Diagnosis Code D3A.00
Information for Medical Professionals
The diagnosis code D3A.00 is grouped in the following Diagnostic Related Group(s) (MS-DRG v33.0)
- MYELOPROLIFERATIVE DISORDERS OR POORLY DIFFERENTIATED NEOPLASMS WITH MAJOR O.R. PROCEDURE WITH MCC 826
- MYELOPROLIFERATIVE DISORDERS OR POORLY DIFFERENTIATED NEOPLASMS WITH MAJOR O.R. PROCEDURE WITH CC 827
- MYELOPROLIFERATIVE DISORDERS OR POORLY DIFFERENTIATED NEOPLASMS WITH MAJOR O.R. PROCEDURE WITHOUT CC/MCC 828
- MYELOPROLIFERATIVE DISORDERS OR POORLY DIFFERENTIATED NEOPLASMS WITH OTHER O.R. PROCEDURE WITH CC/MCC 829
- MYELOPROLIFERATIVE DISORDERS OR POORLY DIFFERENTIATED NEOPLASMS WITH OTHER O.R. PROCEDURE WITHOUT CC/MCC 830
Convert to ICD-9 General Equivalence Map
The ICD-10 and ICD-9 GEMs are used to facilitate linking between the diagnosis codes in ICD-9-CM and the new ICD-10-CM code set. The GEMs are the raw material from which providers, health information vendors and payers can derive specific applied mappings to meet their needs.
- 209.60 - Ben crcnd prim site unkn (approximate) Approximate Flag
The approximate flag is on, indicating that the relationship between the code in the source system and the code in the target system is an approximate equivalent.
Index of Diseases and Injuries
References found for the code D3A.00 in the Index of Diseases and Injuries:
- Inclusion Terms: Inclusion terms
List of terms is included under some codes. These terms are the conditions for which that code is to be used. The terms may be synonyms of the code title, or, in the case of “other specified” codes, the terms are a list of the various conditions assigned to that code. The inclusion terms are not necessarily exhaustive. Additional terms found only in the Alphabetic Index may also be assigned to a code.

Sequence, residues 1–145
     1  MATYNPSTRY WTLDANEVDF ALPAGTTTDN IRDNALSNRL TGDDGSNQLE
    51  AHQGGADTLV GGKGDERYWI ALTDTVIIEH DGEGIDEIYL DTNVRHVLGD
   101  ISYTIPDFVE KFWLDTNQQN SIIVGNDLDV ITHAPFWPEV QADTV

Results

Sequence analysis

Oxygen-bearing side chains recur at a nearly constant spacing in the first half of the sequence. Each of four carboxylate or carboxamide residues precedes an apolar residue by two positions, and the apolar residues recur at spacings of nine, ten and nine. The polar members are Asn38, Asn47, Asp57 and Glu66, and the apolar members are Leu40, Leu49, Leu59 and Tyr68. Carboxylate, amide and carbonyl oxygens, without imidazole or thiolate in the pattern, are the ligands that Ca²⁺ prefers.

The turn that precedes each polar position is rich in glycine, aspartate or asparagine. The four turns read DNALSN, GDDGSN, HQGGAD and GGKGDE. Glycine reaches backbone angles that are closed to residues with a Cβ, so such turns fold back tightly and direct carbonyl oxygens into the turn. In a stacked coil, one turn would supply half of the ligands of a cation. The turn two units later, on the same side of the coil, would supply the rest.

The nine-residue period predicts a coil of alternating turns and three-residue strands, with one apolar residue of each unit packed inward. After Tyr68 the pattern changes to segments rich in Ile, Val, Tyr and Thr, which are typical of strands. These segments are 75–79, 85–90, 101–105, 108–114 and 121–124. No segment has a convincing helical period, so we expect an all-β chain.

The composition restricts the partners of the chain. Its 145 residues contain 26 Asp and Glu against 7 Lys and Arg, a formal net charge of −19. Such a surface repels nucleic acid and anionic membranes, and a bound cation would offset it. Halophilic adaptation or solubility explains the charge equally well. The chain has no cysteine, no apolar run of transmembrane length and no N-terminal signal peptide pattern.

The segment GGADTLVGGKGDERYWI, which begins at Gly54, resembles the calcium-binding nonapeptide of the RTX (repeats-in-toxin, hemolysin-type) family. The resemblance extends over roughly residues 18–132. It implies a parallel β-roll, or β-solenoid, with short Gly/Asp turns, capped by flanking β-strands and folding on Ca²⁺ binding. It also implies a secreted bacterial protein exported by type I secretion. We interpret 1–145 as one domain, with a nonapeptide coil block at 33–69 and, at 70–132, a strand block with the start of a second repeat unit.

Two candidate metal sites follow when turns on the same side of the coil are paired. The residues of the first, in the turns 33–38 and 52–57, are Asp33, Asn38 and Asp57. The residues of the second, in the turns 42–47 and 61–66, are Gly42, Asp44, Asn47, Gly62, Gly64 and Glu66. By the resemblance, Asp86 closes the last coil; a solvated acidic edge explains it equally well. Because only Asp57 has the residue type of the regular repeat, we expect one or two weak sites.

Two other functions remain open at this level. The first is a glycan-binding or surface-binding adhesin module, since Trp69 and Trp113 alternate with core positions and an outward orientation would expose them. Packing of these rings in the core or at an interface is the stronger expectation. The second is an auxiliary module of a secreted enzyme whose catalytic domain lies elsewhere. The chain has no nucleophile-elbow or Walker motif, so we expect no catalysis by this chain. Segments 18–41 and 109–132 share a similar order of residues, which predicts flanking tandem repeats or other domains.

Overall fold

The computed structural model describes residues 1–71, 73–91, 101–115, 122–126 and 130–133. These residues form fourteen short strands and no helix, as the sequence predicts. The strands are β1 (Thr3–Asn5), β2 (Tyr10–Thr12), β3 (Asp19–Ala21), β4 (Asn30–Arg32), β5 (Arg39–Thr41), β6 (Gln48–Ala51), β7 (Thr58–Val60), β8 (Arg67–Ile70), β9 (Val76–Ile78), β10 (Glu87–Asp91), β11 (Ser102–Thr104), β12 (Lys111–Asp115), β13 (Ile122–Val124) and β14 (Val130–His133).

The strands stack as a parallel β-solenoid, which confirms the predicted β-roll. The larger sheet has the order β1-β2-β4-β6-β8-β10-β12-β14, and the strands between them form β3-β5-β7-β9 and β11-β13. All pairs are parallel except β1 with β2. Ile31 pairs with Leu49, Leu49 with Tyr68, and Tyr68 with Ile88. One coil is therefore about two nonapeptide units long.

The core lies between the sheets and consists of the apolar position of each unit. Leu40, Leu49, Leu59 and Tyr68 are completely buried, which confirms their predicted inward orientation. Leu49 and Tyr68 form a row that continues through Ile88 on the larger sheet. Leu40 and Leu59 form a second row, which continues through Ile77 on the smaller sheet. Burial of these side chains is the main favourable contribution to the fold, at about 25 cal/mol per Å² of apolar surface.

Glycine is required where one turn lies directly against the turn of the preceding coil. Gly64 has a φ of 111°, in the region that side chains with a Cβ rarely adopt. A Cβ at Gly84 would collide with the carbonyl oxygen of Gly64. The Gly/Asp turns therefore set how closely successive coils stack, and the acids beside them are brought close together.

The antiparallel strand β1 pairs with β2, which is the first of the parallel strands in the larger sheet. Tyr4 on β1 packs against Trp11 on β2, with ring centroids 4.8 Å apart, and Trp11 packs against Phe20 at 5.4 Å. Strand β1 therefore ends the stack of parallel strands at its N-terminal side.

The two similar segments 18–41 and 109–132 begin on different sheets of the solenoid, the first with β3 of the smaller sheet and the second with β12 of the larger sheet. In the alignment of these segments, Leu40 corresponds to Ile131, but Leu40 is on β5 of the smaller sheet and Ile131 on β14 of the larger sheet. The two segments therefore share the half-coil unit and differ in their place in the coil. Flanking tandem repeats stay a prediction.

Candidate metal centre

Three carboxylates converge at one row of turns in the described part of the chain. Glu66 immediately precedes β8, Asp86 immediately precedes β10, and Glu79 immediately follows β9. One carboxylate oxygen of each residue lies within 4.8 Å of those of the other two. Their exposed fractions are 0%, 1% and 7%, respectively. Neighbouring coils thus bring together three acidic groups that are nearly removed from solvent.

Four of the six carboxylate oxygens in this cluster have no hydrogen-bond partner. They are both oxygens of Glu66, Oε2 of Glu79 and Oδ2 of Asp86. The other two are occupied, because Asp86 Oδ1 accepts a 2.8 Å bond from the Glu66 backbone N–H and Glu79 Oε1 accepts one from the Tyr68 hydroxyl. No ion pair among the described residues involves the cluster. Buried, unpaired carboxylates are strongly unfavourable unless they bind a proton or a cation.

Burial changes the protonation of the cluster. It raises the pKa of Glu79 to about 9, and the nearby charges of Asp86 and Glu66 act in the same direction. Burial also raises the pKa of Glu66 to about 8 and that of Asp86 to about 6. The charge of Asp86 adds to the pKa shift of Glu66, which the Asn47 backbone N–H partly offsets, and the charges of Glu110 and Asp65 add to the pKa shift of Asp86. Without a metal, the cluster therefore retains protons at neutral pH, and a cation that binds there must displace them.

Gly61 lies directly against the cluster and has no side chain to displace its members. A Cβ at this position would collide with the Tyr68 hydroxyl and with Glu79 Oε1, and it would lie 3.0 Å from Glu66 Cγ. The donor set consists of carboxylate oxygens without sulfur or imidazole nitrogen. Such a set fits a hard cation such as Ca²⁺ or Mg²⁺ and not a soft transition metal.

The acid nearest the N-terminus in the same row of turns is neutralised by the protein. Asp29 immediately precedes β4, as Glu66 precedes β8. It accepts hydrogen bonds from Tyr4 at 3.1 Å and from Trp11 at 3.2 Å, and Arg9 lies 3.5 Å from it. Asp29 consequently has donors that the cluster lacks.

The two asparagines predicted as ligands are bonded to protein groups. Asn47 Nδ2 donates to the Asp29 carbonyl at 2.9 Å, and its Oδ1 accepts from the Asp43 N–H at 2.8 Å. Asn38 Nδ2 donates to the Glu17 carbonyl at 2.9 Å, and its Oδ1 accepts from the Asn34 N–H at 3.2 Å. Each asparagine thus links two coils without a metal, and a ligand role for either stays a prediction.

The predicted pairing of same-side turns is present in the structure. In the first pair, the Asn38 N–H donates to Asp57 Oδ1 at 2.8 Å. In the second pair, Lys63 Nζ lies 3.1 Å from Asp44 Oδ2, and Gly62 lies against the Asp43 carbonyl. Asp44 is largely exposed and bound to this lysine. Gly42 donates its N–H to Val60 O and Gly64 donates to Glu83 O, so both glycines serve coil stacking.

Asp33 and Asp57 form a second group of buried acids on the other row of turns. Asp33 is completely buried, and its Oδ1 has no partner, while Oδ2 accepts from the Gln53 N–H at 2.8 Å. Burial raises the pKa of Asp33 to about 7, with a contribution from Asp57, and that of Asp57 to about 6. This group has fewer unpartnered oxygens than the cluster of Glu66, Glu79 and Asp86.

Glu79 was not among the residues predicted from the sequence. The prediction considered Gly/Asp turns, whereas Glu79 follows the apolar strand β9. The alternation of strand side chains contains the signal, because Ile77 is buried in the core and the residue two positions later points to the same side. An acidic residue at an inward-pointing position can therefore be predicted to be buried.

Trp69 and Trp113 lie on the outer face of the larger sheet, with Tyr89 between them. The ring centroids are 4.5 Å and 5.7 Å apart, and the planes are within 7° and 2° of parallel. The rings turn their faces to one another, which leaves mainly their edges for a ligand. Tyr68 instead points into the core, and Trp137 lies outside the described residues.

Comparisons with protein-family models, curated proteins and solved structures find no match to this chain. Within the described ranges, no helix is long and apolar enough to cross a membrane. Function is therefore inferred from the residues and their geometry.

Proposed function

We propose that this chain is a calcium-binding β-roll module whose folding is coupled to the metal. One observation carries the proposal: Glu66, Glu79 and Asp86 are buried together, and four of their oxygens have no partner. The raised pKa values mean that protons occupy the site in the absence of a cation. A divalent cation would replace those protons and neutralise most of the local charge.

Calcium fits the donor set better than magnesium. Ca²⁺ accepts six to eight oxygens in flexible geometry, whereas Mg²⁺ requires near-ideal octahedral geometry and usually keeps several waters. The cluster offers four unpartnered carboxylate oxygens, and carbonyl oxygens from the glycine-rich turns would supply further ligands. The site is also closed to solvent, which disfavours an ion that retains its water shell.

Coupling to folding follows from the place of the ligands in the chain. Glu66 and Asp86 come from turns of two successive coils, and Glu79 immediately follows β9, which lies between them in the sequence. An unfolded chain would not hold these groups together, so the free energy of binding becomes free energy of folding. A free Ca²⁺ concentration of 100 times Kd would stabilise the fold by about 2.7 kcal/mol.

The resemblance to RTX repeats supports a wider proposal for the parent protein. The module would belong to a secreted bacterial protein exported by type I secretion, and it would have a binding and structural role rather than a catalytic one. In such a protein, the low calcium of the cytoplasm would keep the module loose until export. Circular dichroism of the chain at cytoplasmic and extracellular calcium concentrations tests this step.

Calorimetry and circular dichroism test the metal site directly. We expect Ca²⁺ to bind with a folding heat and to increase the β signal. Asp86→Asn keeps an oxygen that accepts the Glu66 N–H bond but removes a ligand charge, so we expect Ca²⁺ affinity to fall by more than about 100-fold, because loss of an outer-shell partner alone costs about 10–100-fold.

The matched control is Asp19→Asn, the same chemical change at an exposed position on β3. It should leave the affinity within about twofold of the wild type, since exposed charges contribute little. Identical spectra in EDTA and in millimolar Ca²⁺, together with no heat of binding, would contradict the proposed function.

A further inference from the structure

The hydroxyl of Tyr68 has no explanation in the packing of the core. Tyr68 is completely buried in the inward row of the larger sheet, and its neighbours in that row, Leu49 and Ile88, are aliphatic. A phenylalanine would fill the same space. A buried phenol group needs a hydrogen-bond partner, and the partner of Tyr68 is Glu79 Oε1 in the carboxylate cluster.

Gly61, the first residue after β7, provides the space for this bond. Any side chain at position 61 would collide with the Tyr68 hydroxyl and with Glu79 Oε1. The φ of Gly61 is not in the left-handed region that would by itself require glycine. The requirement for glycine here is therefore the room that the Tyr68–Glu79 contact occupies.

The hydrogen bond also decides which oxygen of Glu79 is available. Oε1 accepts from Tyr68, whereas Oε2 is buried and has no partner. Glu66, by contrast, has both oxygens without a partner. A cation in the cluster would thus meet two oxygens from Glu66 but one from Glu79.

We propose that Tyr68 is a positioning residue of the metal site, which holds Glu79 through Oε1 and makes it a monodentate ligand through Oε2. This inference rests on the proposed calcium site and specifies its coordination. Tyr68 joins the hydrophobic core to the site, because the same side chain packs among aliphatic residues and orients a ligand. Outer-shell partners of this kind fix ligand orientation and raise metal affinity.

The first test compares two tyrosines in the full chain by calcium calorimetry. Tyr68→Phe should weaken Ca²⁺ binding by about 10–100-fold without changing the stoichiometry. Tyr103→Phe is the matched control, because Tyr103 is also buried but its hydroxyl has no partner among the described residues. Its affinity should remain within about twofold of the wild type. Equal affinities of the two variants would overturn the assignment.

- Carcinoid tumor NOS
Information for Patients
Also called: Benign cancer, Benign neoplasms, Noncancerous tumors
Tumors are abnormal growths in your body. They can be either benign or malignant. Benign tumors aren't cancer. Malignant ones are. Benign tumors grow only in one place. They cannot spread or invade other parts of your body. Even so, they can be dangerous if they press on vital organs, such as your brain.
Tumors are made up of extra cells. Normally, cells grow and divide to form new cells as your body needs them. When cells grow old, they die, and new cells take their place. Sometimes, this process goes wrong. New cells form when your body does not need them, and old cells do not die when they should. These extra cells can divide without stopping and may form tumor.
Treatment often involves surgery. Benign tumors usually don't grow back.
NIH: National Cancer Institute
- Biopsy - polyps
- Cherry angioma
Carcinoid tumors are rare, slow-growing cancers. They usually start in the lining of the digestive tract or in the lungs. They grow slowly and don't produce symptoms in the early stages. As a result, the average age of people diagnosed with digestive or lung carcinoids is about 60.
In later stages the tumors sometimes produce hormones that can cause carcinoid syndrome. The syndrome causes flushing of the face and upper chest, diarrhea, and trouble breathing.
Surgery is the main treatment for carcinoid tumors. If they haven't spread to other parts of the body, surgery can cure the cancer.
- Carcinoid syndrome
- Serum serotonin level